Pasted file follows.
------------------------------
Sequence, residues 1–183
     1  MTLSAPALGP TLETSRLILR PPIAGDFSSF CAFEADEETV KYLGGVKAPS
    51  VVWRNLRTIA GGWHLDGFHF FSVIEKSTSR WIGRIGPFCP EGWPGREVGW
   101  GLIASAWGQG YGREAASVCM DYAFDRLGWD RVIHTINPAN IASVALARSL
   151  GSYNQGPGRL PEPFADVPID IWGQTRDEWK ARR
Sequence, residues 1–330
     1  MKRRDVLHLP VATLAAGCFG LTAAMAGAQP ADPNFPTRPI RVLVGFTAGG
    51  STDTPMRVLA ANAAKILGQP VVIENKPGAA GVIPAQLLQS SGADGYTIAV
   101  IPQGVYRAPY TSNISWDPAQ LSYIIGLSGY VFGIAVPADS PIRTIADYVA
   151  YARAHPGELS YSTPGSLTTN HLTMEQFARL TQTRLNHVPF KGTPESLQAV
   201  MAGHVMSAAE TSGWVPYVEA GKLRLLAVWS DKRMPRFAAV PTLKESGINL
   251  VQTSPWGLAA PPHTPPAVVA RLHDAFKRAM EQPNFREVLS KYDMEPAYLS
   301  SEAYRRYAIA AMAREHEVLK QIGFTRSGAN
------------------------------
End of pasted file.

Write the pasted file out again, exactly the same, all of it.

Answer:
Sequence, residues 1–183
     1  MTLSAPALGP TLETSRLILR PPIAGDFSSF CAFEADEETV KYLGGVKAPS
    51  VVWRNLRTIA GGWHLDGFHF FSVIEKSTSR WIGRIGPFCP EGWPGREVGW
   101  GLIASAWGQG YGREAASVCM DYAFDRLGWD RVIHTINPAN IASVALARSL
   151  GSYNQGPGRL PEPFADVPID IWGQTRDEWK ARR
Sequence, residues 1–330
     1  MKRRDVLHLP VATLAAGCFG LTAAMAGAQP ADPNFPTRPI RVLVGFTAGG
    51  STDTPMRVLA ANAAKILGQP VVIENKPGAA GVIPAQLLQS SGADGYTIAV
   101  IPQGVYRAPY TSNISWDPAQ LSYIIGLSGY VFGIAVPADS PIRTIADYVA
   151  YARAHPGELS YSTPGSLTTN HLTMEQFARL TQTRLNHVPF KGTPESLQAV
   201  MAGHVMSAAE TSGWVPYVEA GKLRLLAVWS DKRMPRFAAV PTLKESGINL
   251  VQTSPWGLAA PPHTPPAVVA RLHDAFKRAM EQPNFREVLS KYDMEPAYLS
   301  SEAYRRYAIA AMAREHEVLK QIGFTRSGAN